The U.S. Geological Survey has issued a new threat ranking for volcanoes in the United States.
This isn’t a list of how likely it is that these volcanoes will go off, instead it’s a ranking of how dangerous these volcanoes would be if they ever do erupt.
The Yellowstone Caldera is ranked pretty far down the list at 21st. That’s in the high-danger category, which is the second highest ranking on the list. It has a threat score of 115.
That’s a far cry from the threat score of 263 for Kilauea, which is at the top of the list.
Next is Mount Saint Helens with a threat score of 235, followed by Mount Rainier with a 203 threat score. Both are in Washington state.
Fourth is the Redoubt Volcano in Alaska, which has a threat score of 201.
Fifth is Mount Shasta in California with a 178 threat score.
These updated threat scores factor in some new elements, such as threats to aviation and experience with damage caused by volcanoes since 2005. Population changes in the last decade have also contributed to the threat reassessment.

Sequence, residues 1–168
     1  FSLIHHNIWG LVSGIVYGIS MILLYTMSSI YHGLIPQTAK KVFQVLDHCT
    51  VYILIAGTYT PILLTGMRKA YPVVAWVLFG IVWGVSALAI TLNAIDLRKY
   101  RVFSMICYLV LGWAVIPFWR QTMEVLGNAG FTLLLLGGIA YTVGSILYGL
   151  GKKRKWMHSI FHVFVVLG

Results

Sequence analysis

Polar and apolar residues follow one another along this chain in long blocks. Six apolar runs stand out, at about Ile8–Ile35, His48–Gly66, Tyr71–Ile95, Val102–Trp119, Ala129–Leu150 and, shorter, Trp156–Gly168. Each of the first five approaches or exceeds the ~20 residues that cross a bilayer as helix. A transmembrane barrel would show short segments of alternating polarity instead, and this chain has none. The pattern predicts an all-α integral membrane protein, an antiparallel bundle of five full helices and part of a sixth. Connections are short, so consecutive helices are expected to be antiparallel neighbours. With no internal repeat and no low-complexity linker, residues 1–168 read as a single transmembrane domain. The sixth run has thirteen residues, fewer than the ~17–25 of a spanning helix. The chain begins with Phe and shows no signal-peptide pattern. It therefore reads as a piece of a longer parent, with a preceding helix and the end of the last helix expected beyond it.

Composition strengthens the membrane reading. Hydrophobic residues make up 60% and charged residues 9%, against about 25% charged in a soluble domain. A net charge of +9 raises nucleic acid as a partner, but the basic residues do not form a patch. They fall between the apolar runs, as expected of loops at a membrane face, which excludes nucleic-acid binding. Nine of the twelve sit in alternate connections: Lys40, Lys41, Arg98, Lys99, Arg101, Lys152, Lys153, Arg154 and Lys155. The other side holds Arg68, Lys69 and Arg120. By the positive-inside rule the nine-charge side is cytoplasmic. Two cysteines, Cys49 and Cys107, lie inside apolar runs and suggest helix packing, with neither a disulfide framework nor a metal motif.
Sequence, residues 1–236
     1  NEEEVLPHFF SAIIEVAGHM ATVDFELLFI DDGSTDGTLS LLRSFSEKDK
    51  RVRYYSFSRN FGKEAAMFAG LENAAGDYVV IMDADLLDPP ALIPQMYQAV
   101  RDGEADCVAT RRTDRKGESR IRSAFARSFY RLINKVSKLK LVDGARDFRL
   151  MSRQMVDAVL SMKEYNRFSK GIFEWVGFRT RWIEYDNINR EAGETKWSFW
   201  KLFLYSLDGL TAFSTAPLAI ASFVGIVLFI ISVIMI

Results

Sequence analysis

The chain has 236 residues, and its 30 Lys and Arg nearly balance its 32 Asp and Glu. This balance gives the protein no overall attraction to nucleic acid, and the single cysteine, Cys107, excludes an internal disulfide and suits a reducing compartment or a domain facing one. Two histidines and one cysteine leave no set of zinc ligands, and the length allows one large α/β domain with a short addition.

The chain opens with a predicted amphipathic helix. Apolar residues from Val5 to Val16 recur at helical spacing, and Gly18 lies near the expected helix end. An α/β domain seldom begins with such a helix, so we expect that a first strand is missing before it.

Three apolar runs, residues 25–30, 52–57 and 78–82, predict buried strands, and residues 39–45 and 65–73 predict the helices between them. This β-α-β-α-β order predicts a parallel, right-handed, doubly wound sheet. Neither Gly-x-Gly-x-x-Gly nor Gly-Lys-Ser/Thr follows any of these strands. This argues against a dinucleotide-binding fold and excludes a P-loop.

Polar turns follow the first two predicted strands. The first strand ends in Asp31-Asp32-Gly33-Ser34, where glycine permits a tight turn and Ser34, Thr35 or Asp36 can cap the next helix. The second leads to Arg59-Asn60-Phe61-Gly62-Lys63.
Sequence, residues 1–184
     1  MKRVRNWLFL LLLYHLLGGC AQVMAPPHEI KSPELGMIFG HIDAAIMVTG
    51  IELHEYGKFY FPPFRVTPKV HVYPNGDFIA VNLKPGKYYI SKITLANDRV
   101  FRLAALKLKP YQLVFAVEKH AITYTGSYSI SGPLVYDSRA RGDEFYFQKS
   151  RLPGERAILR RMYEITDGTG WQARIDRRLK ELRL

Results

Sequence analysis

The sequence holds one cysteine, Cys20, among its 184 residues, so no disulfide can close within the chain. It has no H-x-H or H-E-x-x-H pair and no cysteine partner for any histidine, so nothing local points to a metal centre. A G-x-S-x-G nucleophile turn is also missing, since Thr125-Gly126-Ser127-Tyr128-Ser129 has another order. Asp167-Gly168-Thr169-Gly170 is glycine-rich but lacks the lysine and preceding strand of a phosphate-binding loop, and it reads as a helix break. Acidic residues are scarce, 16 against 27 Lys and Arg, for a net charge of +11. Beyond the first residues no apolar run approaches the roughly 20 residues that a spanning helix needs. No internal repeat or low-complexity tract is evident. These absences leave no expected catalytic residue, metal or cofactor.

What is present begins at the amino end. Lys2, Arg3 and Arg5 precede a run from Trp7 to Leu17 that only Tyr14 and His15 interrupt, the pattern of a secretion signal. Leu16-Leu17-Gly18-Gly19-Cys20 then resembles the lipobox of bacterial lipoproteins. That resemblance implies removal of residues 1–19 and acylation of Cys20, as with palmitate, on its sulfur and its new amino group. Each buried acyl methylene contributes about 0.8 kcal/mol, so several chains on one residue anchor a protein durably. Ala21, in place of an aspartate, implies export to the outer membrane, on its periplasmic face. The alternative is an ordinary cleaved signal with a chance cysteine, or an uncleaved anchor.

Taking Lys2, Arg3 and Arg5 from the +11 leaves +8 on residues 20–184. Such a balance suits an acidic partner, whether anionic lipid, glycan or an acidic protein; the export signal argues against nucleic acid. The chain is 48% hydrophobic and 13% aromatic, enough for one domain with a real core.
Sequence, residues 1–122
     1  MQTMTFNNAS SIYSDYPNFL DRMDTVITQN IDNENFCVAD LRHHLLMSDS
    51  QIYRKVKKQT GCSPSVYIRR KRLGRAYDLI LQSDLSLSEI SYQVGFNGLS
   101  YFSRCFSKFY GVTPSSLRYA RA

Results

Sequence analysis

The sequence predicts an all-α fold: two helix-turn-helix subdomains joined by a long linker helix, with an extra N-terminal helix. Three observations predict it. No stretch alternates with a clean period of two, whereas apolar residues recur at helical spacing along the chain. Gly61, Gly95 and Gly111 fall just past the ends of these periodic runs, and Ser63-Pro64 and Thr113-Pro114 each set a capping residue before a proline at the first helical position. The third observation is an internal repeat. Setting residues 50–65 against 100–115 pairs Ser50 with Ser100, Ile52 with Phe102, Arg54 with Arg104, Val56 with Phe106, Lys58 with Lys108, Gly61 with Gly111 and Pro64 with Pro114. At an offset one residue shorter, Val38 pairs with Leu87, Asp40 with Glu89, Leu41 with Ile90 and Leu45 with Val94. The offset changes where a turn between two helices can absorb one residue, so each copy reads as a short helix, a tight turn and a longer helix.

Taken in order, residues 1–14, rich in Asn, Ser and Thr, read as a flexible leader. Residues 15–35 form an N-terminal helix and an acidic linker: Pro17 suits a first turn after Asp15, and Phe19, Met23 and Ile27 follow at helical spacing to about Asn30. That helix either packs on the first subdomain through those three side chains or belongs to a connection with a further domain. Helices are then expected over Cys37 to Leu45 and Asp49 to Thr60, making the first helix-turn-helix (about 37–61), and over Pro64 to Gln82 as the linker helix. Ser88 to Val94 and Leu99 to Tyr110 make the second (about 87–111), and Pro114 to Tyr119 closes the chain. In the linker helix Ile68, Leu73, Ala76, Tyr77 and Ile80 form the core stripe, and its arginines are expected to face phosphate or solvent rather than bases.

The threats are also based on the type of volcano, its past history and a lot of factors that can change pretty quickly, such as the number of people living near a volcano, tourism in areas near volcanos and the growth of urban areas that could be affected. That’s why volcanoes in the Continental United States are generally ranked higher than in the past. Eleven of the 18 very high threat volcanoes are in Washington, Oregon, and California.
The USGS says in the report, “snow-and-ice covered edifices can project flowage hazards long distances to reach densely populated and highly developed areas.”
Currently, no volcano in the continental United States has any sort of activity alert.
By John Sherer – MTN News